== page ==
The suppliant women and the perennial question: who will provide asylum and stand up for moral values?
By Dr Tanja R. Müller
A group of women form the shape of a boat – one of those boats we are used to see in media pictures these days, unseaworthy but still trying to cross the Mediterranean from Lybia or other North African countries to Italy, or from Turkey to Greece, and too full of people. Like the boat that was once carrying Aylan Kurdi and the many others who perished like him. The women here are a group of multi-ethnic teenagers and young adults from Greater Manchester, waving poles with a white flag and wrapping black scarves around their bodies – to symbolise both, their hope for peace and asylum and their desperation if those are not granted (the scarves can be made into hoses to hang themselves).
The scene is the stage of the Royal Exchange Theatre in Manchester, and the women are part of a modern interpretation of one of the world’s oldest plays, written by Aeschylus in Ancient Greece around 2500 years ago. read more…
The Development Implications of Digital Economies (DIODE) Strategic Network is a newly funded project which will be led by Professor Richard Heeks. The network received £129,000 as part of the Economic and Social Research Council’s Global Challenges Research Fund (GCRF). The below blog, which originally appeared on the DIODE website, provides an outline of the project and what it aims to achieve.
As digital technologies – the internet, web, mobile phones, social networks, 3D printers, etc – spread around the world, both work and business are changing via creation of digital economies.
There has already been impact in developing countries: thousands of digital startups, millions working in the ICT sector, millions more undertaking online work for platforms like Upwork. And the potential is even greater: hundreds of millions could access online work platforms, digital businesses like Uber and Airbnb are spreading rapidly, demand for digital enterprises is high, 3D-printing could level the manufacturing playing field, etc. But problems are also arising: most digital startups and digital careers fail; most citizens are unable to participate in digital economies; the benefits of digital work and trade seem to flow more to big corporations in the global North than to workers, enterprises or governments in the global South. read more…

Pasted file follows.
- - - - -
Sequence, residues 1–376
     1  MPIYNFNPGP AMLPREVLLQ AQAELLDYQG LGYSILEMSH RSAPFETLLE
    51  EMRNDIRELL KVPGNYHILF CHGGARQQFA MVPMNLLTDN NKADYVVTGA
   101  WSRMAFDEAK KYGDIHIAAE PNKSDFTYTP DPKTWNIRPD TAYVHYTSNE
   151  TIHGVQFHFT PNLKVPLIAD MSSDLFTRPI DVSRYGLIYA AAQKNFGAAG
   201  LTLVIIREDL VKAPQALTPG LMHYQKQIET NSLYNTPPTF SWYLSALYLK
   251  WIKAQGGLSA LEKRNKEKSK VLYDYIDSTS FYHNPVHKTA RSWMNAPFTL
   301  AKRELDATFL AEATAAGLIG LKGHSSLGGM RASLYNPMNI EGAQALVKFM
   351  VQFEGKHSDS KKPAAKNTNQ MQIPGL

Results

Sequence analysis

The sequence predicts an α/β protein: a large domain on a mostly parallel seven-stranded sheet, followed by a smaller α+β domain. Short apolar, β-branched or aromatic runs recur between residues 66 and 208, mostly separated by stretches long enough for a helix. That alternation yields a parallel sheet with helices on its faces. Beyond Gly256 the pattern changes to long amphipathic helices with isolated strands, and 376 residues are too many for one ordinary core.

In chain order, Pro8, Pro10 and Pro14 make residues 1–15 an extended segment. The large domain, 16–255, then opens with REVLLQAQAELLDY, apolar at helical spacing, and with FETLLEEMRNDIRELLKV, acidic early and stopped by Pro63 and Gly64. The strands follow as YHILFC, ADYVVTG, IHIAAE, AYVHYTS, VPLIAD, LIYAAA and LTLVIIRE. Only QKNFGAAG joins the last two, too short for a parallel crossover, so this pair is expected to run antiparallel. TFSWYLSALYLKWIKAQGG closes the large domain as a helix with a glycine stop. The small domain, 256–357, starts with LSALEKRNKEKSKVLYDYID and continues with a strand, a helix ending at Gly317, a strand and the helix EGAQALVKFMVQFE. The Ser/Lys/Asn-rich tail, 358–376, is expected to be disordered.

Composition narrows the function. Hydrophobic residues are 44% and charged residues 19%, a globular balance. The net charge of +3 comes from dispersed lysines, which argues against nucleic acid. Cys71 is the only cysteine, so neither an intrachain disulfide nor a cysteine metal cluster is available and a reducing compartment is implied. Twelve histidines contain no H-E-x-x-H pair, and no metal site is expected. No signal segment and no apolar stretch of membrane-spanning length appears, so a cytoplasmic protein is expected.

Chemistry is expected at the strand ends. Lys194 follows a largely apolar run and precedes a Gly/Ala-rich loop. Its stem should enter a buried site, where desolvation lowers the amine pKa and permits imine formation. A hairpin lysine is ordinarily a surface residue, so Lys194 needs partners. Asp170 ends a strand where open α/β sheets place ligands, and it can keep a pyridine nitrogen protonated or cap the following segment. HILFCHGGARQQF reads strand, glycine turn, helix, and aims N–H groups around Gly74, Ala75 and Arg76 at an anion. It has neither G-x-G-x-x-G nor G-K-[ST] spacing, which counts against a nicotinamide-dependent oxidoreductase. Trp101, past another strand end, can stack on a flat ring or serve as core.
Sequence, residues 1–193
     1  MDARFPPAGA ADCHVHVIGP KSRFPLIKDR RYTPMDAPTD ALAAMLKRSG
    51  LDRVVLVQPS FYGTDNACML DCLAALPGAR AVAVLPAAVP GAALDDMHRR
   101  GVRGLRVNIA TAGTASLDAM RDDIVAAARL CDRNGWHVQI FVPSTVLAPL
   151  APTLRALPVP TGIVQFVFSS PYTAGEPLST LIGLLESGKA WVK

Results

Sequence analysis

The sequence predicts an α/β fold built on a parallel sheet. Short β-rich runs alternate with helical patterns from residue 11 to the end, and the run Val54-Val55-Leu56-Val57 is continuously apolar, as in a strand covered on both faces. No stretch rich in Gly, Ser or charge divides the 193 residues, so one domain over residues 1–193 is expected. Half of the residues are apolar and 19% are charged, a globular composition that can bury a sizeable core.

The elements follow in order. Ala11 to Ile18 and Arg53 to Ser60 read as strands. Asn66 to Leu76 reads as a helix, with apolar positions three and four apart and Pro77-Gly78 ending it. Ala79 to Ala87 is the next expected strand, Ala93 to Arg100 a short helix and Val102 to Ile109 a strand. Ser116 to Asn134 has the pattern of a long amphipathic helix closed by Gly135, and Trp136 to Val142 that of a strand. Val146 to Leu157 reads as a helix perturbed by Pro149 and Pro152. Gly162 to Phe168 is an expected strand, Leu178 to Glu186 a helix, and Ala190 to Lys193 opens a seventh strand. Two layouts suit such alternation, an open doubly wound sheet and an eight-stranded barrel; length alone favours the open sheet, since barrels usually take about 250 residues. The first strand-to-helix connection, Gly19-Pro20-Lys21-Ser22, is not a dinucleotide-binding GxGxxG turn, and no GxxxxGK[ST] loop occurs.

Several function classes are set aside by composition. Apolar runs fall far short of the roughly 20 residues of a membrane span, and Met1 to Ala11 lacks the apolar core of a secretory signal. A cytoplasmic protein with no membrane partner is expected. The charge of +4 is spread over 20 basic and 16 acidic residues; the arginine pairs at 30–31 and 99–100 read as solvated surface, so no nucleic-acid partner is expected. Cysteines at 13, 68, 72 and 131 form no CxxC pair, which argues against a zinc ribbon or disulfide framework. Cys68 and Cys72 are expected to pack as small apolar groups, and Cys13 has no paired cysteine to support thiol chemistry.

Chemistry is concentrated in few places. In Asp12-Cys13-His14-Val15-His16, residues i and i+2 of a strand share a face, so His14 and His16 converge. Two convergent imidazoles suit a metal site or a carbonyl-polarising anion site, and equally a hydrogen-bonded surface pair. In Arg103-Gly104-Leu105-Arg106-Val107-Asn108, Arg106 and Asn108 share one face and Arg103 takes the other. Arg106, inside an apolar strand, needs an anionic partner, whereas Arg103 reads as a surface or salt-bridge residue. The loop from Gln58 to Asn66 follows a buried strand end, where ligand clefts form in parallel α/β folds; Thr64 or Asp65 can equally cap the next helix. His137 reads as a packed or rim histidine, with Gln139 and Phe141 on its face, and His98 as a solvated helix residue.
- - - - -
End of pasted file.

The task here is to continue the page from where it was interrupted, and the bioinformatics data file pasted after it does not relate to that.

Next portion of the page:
Eleven academics from the Global Development Institute are helping to convene seven panels at the annual DSA conference in September. The 2017 Development Studies Association Conference will be held at the University of Bradford from the 6-8th September and will focus on Sustainability interrogated: societies, growth, and social justice and will feature.
Professor David Hulme, Executive Director of the Global Development Institute, will also deliver the President’s Valedictory lecture. read more…
Each month we bring you the latest publications from the researchers at the Global Development Institute.
Kunal Sen has published a new book with Sabyasachi Kar: The Political Economy of India’s Growth Episodes
By Sally Cawood, Global Development Institute
By 2030, it is predicted that nearly five billion (60%) of the world’s population will live in cities. Whilst these spatial shifts are occurring globally, the pace and complexity of urbanisation in the Global South is fundamentally (re)shaping social, economic, political and environmental relationships. Towns and cities are increasingly portrayed as emancipatory spaces that bring ‘prosperity for all’, especially women and girls. Whilst this may be the case for some (due to greater mobility and freedom, earning opportunities and access to services), the reality for many – especially those living in slum settlements – is strikingly different.